When Giada said the recipe started with a brownie mix from a box, she only half-apologized and said they were that good. I believed her.  And it's true.   I only made a couple changes from her original recipe:
  • I subbed coffee for the water she used.
  • I used regular sized chocolate chips instead of the mini-chips she recommended.
  • And I added peanut butter to the mascarpone-cream cheese frosting.

A word on the hula hoop:  It really works.  It’s a weighted hula hoop – 4 pounds. 

This is not me.

When I first used it, I had a tough time keeping it going for more than a minute at a time, but I do 20 minutes at a time and although I’m don’t do it all the time, I sure notice when I don’t!  Makes a big difference and really works whittling away my midriff.  Which is a very good thing if you like to eat brownie cupcakes like these.  And I do.

Chocolate Chip Walnut Cupcakes
only slightly adapted from Giada Di Laurentiis

1/2 cup finely chopped walnuts
1 cup semisweet chocolate chips, plus ¼ cup for garnish
1 (21 ounce) box brownie mix (Giada recommended Duncan Hines Chewy Fudge)
2 eggs, room temperature
½ cup vegetable oil
¼ cup brewed coffee
4 ounces mascarpone cheese, room temperature
4 ounces cream cheese, room temperature
2 tablespoons smooth peanut butter
3 cups powdered sugar, sifted

Place than oven rack in the middle of the oven and preheat the oven to 350 degrees F.  Line a 12-cup muffin pan with paper liners.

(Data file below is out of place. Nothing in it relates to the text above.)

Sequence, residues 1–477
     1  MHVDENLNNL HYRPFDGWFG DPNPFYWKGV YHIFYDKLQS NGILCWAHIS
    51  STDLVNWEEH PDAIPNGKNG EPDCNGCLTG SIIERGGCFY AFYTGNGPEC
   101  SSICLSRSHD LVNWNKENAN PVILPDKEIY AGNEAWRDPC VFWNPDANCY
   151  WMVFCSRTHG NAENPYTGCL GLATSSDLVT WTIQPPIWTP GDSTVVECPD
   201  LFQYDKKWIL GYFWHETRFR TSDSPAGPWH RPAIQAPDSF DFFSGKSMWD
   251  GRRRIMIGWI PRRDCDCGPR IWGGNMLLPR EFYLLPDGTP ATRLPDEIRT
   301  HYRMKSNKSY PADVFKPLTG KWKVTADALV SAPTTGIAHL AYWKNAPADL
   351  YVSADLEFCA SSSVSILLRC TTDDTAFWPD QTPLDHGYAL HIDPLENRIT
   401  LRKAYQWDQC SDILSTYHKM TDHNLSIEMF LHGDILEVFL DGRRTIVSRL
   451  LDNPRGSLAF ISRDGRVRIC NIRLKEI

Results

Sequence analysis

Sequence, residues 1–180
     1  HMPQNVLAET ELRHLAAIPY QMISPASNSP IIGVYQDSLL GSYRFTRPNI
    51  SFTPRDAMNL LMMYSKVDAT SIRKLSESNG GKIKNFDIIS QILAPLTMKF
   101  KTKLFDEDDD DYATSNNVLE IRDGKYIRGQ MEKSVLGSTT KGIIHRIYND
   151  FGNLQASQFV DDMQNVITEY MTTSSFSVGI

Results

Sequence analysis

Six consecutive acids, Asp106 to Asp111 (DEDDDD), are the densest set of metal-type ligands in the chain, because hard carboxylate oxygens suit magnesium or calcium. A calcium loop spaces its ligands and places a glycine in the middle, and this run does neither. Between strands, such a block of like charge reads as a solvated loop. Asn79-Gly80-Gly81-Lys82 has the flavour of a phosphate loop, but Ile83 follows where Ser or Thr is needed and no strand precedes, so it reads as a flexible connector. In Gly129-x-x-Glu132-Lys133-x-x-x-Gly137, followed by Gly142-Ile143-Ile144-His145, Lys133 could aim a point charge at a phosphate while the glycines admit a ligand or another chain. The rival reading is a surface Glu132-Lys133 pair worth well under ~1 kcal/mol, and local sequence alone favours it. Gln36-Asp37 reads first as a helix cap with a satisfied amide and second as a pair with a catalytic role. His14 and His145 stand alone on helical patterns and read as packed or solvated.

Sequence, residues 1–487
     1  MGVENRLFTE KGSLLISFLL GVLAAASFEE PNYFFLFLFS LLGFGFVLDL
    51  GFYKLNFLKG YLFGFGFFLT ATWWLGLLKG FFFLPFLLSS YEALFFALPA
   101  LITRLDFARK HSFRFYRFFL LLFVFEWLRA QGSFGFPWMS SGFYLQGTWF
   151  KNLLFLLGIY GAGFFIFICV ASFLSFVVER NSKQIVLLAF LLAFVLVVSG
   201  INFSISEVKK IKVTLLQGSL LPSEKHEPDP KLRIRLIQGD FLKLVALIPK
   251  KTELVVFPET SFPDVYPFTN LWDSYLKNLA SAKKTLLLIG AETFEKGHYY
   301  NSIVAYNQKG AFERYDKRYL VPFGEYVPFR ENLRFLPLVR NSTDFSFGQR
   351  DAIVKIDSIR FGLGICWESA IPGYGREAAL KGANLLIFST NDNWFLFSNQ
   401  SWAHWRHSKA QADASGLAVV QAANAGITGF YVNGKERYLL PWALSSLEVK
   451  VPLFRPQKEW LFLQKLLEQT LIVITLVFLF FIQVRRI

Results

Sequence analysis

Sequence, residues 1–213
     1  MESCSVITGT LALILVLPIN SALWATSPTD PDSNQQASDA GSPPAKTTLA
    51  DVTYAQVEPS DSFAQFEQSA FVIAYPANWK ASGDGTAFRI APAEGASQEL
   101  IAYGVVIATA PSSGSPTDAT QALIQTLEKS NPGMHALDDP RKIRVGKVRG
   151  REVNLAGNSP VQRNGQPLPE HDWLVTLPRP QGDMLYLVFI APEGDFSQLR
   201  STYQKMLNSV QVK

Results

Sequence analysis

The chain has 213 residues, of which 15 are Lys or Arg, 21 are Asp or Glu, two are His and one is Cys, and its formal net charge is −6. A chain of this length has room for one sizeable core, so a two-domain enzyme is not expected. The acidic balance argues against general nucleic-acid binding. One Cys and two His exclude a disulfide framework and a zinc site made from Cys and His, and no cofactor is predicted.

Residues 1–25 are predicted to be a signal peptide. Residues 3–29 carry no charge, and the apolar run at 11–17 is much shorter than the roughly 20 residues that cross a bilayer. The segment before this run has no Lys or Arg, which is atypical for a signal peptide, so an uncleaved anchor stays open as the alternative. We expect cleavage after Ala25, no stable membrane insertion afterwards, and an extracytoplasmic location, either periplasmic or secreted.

In small bowl, combine the walnuts, 1 cup chocolate chips and 1 tablespoon of the brownie mix.  Toss until the nuts and chips are well coated and set aside. (Doing this helps keep the chips and nuts from sinking to the bottom.)

In large, bowl, mix together the remaining brownie mix, eggs, vegetable oil and coffee.  Stir for 30 seconds until blended.  Fold in the nuts and chips.  Spoon the mixture into the prepare pan.  (Cupcakes will be full.)

Bake for 22 to 25 minutes until a toothpick inserted in center comes out with moist fudgy crumbs.  Cool the cupcakes in the pan for 10 minutes then transfer to a wire rack and cool completely before frosting, about 30 minutes.

For the frosting, using an electric hand mixer, beat the two cheese together until light and fluffy, about 2 minutes.  Then gradually beat in the powdered sugar until smooth and spreadable. Then mix in 2 tablespoons smooth peanut butter. Refrigerate frosting until ready to use.  Spread the frosting on top of the cupcakes and garnish with chocolate chips.  Refrigerate until ready to serve, but serve at room temperature.

Wednesday, September 14, 2011

The Last Roast of Summer: Island Pork Tenderloin Salad